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Online application of the right to be forgotten and new EU data regulation

19 June 2023
Knowledge Base

by František Nonnemann & Vladan Rámiš

The right to be forgotten (right to erasure) is one of the well-known, and somewhat feared, legal institutes introduced by GDPR. On the other hand, the right to erasure is not absolute. It does not always apply and must be balanced against the interests and rights of other persons. However, this does not mean that the scope of the right to erasure is clear in practice and does not raise several issues and uncertainties. How should a data controller, especially an internet search engine, proceed if a data subject objects that the data displayed or otherwise processed is untrue? Misleading, offensive, factually incorrect? The search engine operator usually acts as the controller of the personal data it displays, but it is not the one who has placed the data on the Internet. It therefore has no other information how to assesses the accuracy of the data which has been published on the source page. Continue reading…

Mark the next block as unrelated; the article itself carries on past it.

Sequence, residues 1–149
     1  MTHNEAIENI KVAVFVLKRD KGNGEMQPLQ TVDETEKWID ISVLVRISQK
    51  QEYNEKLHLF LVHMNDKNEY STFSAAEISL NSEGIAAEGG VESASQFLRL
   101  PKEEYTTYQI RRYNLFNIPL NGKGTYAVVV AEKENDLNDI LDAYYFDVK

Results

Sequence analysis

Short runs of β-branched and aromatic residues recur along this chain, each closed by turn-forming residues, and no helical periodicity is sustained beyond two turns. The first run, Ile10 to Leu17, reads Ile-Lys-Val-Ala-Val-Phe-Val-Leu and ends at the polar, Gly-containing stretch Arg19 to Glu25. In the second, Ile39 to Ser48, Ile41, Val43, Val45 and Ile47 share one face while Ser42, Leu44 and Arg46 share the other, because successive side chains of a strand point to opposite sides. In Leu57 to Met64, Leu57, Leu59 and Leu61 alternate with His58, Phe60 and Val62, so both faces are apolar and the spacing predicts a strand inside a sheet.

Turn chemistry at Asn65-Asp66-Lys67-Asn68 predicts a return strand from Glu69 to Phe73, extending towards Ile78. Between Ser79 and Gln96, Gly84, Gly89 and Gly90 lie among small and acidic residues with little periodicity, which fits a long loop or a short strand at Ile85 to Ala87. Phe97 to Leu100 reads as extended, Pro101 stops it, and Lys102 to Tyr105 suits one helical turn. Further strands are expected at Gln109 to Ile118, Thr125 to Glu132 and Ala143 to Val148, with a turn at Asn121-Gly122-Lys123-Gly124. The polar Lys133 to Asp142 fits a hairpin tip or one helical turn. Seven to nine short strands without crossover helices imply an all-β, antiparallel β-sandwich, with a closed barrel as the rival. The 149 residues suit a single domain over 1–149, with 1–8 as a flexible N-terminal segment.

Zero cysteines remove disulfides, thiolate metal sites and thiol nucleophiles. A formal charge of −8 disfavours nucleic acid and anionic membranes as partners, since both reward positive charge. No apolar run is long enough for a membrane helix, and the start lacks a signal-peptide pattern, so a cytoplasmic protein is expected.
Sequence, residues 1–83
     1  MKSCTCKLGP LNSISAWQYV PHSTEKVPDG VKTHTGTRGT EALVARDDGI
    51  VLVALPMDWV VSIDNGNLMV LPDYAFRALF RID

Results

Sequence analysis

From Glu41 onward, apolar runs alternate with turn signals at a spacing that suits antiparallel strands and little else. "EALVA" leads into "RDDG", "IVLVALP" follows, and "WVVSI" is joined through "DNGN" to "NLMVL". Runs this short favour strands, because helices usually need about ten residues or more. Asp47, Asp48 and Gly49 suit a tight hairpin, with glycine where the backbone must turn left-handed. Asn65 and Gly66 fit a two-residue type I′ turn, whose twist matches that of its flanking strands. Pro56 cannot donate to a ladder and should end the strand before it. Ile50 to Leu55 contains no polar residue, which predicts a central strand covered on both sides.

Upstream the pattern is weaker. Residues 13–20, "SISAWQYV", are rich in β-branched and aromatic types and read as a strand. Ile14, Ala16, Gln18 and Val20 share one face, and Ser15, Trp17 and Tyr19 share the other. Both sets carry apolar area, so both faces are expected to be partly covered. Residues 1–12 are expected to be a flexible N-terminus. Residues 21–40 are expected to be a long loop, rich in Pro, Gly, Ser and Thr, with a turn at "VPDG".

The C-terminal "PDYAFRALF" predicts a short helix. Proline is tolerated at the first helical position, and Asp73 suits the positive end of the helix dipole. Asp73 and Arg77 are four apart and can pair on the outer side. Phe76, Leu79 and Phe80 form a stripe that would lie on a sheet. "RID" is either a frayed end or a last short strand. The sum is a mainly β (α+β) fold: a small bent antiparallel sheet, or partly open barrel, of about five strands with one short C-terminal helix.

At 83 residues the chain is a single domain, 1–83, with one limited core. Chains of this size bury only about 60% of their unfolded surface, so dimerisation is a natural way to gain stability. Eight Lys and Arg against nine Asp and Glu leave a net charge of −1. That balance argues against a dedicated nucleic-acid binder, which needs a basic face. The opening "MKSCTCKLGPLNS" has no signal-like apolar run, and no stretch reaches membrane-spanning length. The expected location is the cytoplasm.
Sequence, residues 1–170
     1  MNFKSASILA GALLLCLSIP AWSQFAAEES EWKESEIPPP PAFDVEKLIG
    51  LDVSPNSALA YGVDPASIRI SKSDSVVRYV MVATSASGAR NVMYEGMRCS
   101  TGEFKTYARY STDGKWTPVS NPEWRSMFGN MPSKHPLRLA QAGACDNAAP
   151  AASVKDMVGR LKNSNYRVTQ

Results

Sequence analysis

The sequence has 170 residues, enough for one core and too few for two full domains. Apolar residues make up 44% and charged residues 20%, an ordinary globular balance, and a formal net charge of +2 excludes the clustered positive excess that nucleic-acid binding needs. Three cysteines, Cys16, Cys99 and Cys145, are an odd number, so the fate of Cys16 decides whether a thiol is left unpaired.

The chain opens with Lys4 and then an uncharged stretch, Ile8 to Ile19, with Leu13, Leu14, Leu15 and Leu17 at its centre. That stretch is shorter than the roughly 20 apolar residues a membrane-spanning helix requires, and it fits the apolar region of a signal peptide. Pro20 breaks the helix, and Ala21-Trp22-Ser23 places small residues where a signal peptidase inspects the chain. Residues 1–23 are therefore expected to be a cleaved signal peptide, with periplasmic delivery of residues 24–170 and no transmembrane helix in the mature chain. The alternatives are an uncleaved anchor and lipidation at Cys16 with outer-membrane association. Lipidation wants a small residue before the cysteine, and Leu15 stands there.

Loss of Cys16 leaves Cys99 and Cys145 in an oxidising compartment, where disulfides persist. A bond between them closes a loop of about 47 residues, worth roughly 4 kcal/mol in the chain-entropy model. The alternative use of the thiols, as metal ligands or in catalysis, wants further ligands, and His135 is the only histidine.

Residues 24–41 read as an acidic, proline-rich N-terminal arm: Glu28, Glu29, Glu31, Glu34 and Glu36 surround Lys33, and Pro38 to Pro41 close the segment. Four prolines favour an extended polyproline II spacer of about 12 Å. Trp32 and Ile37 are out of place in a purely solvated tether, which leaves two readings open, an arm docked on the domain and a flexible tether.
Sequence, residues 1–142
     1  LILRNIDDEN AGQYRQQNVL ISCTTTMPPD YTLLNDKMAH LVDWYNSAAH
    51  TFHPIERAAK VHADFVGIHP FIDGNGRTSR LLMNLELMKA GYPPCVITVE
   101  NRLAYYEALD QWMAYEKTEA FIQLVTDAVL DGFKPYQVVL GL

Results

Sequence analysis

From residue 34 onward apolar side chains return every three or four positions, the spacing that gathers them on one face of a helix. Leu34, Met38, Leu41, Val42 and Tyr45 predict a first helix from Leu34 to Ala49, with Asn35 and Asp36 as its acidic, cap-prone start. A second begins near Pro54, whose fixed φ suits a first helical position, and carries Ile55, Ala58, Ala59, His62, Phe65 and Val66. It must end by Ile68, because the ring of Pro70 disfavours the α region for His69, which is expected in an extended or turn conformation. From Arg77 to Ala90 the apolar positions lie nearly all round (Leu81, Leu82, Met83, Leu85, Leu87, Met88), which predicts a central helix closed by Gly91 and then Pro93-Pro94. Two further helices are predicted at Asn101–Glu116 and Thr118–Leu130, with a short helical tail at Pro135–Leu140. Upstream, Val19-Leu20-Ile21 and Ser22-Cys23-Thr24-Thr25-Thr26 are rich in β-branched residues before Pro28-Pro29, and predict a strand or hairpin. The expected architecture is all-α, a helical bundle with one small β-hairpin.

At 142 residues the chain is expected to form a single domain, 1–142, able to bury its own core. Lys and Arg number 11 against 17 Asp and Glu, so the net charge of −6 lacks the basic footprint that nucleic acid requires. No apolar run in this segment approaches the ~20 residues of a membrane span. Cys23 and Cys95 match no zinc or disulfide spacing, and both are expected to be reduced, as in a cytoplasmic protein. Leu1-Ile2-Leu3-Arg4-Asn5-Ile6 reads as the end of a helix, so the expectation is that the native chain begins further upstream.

TikTok: Damages claim filed by three foundations may be invalid

29 October 2021
Knowledge Base

Two of the three foundations that have filed for damages against TikTok may have invalid claims. TikTok’s lawyers indicate that the foundations have not adhered to statutory deadlines. There is a risk that the two foundations may not be able to continue their case, which would mean that only the SOMI Foundation’s lawsuit will remain active. After the SOMI Foundation sued TikTok in June for an amount of €1.4 billion for large-scale violations of children’s privacy by the social video service, the Take Back Your Privacy Foundation (supported by the Consumentenbond) and the Massaschade & Consument Foundation also filed claims for damages. The two cases are largely similar to the case that SOMI initiated. The three cases are now being heard simultaneously by the court.
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Foundation SOMI starts collective investigation into 533 million leaked Facebook accounts